The Broken Treaty of Fort Laramie with the Sioux

The Treaty of Fort Laramie (also the Sioux Treaty of 1868) was an agreement between the United States and the Oglala, Miniconjou, and Brulé bands of Lakota people, Yanktonai Dakota and Arapaho Nation, following the failure of the first Fort Laramie treaty, signed in 1851.

The treaty was divided into 17 articles. It established the Great Sioux Reservation including ownership of the Black Hills, and set aside additional lands as “unceded Indian territory” in areas of South Dakota, Wyoming, and Nebraska, and possibly Montana. It established that the US government would hold authority to punish not only white settlers who committed crimes against the tribes, but also tribe members who committed crimes and who were to be delivered to the government rather than face charges in tribal courts. It stipulated that the government would abandon forts along the Bozeman Trail, and included a number of provisions designed to encourage a transition to farming, and move the tribes “closer to the white man’s way of life.” The treaty protected specified rights of third parties not partaking in the negotiations, and effectively ended Red Cloud’s War. This provision did not include the Ponca who were not a party to this treaty and therefore had no opportunity to object when the American treaty negotiators “inadvertently” broke a separate treaty with the Ponca by unlawfully selling the entirety of the Ponca Reservation to the Lakota pursuant to Article II of this treaty. The United States never intervened to return the Ponca land. Instead, the Lakota claimed the Ponca land as their own and set about attacking and demanding tribute from the Ponca until 1876 when President Ulysses S. Grant chose to resolve the situation by unilaterally ordering the Ponca removed to the Indian Territory. The removal, known as the Ponca Trail of Tears, was carried out by force the following year and resulted in over 200 deaths.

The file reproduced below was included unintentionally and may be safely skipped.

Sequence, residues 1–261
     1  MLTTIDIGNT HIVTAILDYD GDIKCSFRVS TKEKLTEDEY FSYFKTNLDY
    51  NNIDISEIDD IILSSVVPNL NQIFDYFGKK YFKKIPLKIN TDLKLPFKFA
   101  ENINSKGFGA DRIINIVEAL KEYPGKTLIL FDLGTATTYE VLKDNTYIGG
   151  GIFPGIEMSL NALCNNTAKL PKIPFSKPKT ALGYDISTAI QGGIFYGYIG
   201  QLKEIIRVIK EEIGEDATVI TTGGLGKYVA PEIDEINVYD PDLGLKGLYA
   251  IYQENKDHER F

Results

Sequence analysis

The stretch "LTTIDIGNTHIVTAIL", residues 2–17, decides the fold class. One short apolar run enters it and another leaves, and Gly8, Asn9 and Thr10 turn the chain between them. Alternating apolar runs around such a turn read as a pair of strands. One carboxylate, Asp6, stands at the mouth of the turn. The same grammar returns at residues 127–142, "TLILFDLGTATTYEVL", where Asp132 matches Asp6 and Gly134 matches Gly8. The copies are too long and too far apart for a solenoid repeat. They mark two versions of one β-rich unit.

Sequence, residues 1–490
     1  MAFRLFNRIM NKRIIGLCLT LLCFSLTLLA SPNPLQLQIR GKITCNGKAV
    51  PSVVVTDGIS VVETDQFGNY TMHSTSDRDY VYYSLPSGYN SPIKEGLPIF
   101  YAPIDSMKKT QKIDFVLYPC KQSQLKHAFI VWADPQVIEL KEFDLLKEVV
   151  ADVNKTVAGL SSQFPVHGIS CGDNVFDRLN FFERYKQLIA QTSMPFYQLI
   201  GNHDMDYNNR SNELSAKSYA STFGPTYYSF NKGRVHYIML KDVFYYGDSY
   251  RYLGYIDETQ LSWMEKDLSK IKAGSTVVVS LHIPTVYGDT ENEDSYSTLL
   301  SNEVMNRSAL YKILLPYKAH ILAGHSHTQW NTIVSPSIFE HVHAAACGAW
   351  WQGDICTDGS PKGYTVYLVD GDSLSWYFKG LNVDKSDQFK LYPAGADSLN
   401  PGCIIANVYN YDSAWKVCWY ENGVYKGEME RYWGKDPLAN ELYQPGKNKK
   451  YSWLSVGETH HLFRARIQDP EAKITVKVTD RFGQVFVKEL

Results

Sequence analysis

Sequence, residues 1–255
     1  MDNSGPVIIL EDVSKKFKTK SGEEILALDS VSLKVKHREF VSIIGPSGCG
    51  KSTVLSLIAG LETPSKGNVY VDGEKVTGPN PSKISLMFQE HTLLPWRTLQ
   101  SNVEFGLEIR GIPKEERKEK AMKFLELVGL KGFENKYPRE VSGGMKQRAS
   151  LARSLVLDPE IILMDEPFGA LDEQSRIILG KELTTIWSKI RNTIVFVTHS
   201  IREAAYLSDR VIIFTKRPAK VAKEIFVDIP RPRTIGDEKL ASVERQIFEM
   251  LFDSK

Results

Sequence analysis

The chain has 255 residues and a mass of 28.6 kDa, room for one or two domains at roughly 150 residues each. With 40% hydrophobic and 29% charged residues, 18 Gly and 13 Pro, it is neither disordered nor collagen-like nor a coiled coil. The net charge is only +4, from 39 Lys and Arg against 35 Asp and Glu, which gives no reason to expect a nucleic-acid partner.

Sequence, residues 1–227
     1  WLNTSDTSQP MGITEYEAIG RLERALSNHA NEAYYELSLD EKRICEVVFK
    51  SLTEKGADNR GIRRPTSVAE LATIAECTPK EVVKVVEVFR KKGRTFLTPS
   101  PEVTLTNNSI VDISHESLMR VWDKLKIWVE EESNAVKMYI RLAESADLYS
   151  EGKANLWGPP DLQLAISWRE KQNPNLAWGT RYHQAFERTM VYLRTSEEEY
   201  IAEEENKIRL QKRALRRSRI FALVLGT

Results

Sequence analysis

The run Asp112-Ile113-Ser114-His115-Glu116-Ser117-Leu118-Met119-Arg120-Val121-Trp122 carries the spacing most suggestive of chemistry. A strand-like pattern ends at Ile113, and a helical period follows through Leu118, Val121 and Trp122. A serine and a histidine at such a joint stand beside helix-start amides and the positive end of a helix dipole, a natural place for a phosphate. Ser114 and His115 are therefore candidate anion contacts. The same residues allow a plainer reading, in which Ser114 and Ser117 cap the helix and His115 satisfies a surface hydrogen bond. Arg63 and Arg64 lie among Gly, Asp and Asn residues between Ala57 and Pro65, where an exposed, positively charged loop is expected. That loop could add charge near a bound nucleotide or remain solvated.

The treaty was negotiated by members of the government-appointed Indian Peace Commission, and signed between April and November 1868 at and near Fort Laramie in the Wyoming Territory, with the final signatories being Red Cloud himself and others who accompanied him. Animosities over the agreement arose quickly, with neither side fully honoring the terms. Open war again broke out in 1876, and the US government unilaterally annexed native land protected under the treaty in 1877.

The treaty formed the basis of the 1980 Supreme Court case, United States v. Sioux Nation of Indians, in which the court ruled that tribal lands covered under the treaty had been taken illegally by the US government, and the tribe was owed compensation plus interest. As of 2018 this amounted to more than $1 billion. The Sioux have refused the payment, demanding instead the return of their land.